I absolutely love Alvin Ho! He is so hilarious. He is still scared of everything, and now he is scared of the dark, forests, and peeing in the dark as well, which is definitely not going to be to his advantage when his dad decides to take him camping with his sister Anibelly. His brother and sister try to prepare him by using dad’s emergency credit card to buy some high-tech camping gear. Alvin tries to make lists and ask “What Would Henry Thoreau Do?” in this situation. We get to see more of his alter ego, Firecracker Man who is not scared of anything, deal with being outside in the dark, as well as how he can escape things (like bears – which he is also scared of) like Harry Houdini. Alvin gains a new friend, who also has an alter ego, and Alvin survives camping with his help. My favorite part of this book was definitely his dad when he got super frustrated at his kids for accidentally getting him stuck in a tree and finding out about their unauthorized purchases and starts cursing Shakespearean style (something I had forgotten from the previous book). Highly recommended for ages 5-8, 5 stars.

The Key That Swallowed Joey Pigza (Joey Pigza #5) by Jack Gantos

The last book in the Joey Pigza series, in this volume, we see an older and mature Joey. He’s kind of had to be, since his father abandoned them again at the end of the last book after getting a face lift, and his mother was left alone to take care of Joey and Carter Jr., his baby brother by herself. Both him and his mother adore Carter Jr and believe he is the redeeming Pigza because he is not “messed up” like the rest of his family. Joey’s mom loses Joey’s medication, has a breakdown while suffering from postpartum depression and leaves Joey and his brother alone in the house and forbids them to open the door to their father. Joey has to stop going to school to take care of his brother, and make sure no one finds out that him mom has left them alone. The only person he has to get through things with is his on-again off-again blind girlfriend Olive, who is one of the few people who doesn’t lie to him. Will he be able to cope? Can he find some of his medicine? When will his family go back to being a normal family? To find out, read this exciting conclusion to the series. Recommended for ages 9-12, 4 stars.

Children and Young Adult

God Got a Dog written by Cynthia Rylant, illustrated by Marlee Frazee

page from God Got a Dog

I knew when I picked up this book of poetry that it was pretty much guaranteed to piss people off, which is of course why I had to show it my mother (an Episcopal priest) to get her view on it. She thought it was very fairly blasphemous, but could understand the humor and cleverness as well. The book is a series of sixteen poems, taken from an earlier work by Rylant, describing God doing a variety of normal things, like owning a nail salon, getting a dog, and getting arrested. I liked it because it didn’t show God as your typical omnipotent old man with a long beard, as most Christians like to see him, but he was a female nail salon owner, he was a small child, and got things like a nasty head cold. God was more human, had faults, and doubted him/herself which is a lot easier for me to identify with than the other version we commonly see. The author took only a day to write the book, which is crazy because some of the poems are really good. As someone who occasionally writes poetry and frequently goes back and changes things around days afterward, writing something perfect in one day is really miraculous. The book is geared towards ages 9-12, but I think it could be great for any age. 4 stars.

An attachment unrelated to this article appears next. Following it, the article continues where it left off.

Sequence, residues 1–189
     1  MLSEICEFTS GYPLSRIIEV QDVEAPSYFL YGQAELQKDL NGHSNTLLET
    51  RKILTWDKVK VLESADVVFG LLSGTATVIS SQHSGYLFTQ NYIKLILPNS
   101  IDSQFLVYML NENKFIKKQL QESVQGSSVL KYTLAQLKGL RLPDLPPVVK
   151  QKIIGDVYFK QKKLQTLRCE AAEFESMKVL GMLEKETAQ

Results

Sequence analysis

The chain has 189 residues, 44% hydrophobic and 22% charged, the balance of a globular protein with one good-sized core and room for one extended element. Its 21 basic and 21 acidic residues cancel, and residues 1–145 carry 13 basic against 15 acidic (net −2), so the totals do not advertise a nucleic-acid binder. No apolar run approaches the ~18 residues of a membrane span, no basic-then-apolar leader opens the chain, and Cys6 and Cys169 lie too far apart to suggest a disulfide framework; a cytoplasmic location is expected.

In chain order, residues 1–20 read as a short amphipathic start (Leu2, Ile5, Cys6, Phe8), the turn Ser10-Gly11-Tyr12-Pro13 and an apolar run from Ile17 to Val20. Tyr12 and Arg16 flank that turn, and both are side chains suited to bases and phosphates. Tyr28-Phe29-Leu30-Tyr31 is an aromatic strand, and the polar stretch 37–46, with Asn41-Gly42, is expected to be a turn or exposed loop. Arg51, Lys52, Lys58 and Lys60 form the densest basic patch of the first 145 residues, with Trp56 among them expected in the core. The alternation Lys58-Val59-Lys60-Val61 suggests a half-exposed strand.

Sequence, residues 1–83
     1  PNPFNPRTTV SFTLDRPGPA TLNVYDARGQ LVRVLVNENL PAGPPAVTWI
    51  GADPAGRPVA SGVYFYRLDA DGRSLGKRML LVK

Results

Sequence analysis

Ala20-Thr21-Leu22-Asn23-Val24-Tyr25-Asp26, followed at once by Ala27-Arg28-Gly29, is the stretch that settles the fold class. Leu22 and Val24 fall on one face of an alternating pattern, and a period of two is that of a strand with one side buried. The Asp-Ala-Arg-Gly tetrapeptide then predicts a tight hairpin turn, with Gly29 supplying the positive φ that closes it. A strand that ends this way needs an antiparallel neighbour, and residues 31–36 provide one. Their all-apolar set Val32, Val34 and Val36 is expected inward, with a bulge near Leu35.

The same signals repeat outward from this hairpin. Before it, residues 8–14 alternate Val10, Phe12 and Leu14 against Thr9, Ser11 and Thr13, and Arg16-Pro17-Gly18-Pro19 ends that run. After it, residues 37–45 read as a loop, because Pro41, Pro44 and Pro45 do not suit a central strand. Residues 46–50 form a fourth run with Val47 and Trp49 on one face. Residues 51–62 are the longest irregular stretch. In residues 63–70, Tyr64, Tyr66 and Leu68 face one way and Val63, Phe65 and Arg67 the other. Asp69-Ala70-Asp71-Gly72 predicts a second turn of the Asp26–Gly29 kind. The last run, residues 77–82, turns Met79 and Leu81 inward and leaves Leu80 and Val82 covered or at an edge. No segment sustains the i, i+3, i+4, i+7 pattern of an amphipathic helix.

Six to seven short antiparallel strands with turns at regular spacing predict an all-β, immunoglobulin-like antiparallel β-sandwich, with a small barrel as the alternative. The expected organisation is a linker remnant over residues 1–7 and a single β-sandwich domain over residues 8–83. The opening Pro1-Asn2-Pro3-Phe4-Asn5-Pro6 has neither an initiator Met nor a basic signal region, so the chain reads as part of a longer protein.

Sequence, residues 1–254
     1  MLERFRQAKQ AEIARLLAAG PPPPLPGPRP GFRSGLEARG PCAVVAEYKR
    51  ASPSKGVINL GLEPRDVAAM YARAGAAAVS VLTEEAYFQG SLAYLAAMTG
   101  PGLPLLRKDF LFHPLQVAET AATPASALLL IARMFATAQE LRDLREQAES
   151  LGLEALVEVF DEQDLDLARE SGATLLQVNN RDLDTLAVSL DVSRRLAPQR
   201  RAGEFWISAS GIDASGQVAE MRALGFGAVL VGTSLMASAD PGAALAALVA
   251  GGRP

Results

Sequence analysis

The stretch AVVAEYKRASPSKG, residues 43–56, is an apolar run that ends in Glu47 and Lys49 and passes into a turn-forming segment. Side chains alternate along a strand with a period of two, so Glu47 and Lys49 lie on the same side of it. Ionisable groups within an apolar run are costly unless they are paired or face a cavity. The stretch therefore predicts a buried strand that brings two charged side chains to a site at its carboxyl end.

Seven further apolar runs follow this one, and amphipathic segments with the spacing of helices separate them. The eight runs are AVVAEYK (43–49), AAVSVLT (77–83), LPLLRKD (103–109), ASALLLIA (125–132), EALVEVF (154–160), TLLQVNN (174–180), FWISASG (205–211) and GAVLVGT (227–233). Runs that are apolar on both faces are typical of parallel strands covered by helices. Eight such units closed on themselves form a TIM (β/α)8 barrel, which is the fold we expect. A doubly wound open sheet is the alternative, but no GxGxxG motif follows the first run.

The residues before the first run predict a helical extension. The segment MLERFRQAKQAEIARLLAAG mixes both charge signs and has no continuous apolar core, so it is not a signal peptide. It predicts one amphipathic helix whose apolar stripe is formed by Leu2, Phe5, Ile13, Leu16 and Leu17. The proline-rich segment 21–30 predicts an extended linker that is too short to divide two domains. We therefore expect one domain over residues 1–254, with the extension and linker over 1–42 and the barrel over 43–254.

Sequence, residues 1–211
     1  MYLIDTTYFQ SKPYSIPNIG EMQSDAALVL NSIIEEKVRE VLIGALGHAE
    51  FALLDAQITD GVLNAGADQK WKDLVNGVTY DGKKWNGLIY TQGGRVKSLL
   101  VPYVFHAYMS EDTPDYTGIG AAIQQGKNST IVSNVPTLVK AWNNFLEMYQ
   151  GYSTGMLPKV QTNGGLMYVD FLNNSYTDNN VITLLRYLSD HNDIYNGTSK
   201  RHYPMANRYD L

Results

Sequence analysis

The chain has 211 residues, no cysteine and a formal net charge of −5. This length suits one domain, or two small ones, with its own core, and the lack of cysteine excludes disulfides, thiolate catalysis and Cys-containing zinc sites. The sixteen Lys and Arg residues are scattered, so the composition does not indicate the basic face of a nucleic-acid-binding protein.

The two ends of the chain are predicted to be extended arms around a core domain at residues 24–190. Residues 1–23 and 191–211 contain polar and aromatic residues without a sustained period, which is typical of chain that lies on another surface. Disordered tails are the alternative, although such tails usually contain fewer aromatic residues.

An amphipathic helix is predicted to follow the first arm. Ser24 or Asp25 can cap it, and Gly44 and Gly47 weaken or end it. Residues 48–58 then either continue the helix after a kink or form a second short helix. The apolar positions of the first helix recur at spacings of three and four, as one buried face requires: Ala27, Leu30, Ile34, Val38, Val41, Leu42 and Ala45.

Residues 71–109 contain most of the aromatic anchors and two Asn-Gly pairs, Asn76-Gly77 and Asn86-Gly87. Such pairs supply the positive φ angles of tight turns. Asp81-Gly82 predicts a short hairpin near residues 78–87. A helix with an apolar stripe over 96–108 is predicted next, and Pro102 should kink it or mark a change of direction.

Smile written and illustrated by Raina Telgemeir

Telegmeir-Smile

I picked this one up mostly because I wanted to read Drama as it was a banned book, but figured I should read this one first as I figured it was her first book. Smile is the story of the author/illustrator in middle school. At the very beginning, she accidentally loses her two front teeth and has to have them re-attached but they come in shorter, so she has to get braces and head gear to correct the problem. She has a harder time than usual dealing with everything and the book follows her through middle school and into high school, where she ends up with a different group of friends than she started with, has a long-standing unrequited crush, survives an earthquake and falls in love (unexpectantly) with the Disney movie The Little Mermaid. Recommended for ages 10-14, 5 stars.

As someone who had both braces and headgear in middle school and with the book set during my childhood, I completely adored this book and could totally identify it. She’s a little bit older than me, but growing up in the 1990s is about the same whether it was at the beginning or end of the decade. I can’t wait to read Drama next!

Drama written and illustrated by Raina Telgemeir

Drama

Callie is a middle school girl who loves theater, but can’t sing or dance, so she loves working on the sets behind the scenes and dealing with props. Her school is putting on a musical “Moon Over Missisippi” and she wants to make the sets worthy of Broadway. Her personal life is crazy too. She embarrasses herself in front of her crush at the beginning of the book, but then meets two brothers who also like theater and want to be friends with her. What’s a girl to do? Check out this creative and realistic look into middle school life. Recommended for ages 10-14, 5 stars.

It was worth the wait. I could identify with the female lead character so I just loved this book. I was a theater nerd wannabe in high school because our drama teacher was very biased to only pick certain people and even though I kept trying out and could sing and dance, I never got a part. So I painted sets at community theater musicals instead, and those guys turned out to be even cooler. The graphic novel was hilarious and a bit goofy, but full of interesting twists and turns and a surprise ending.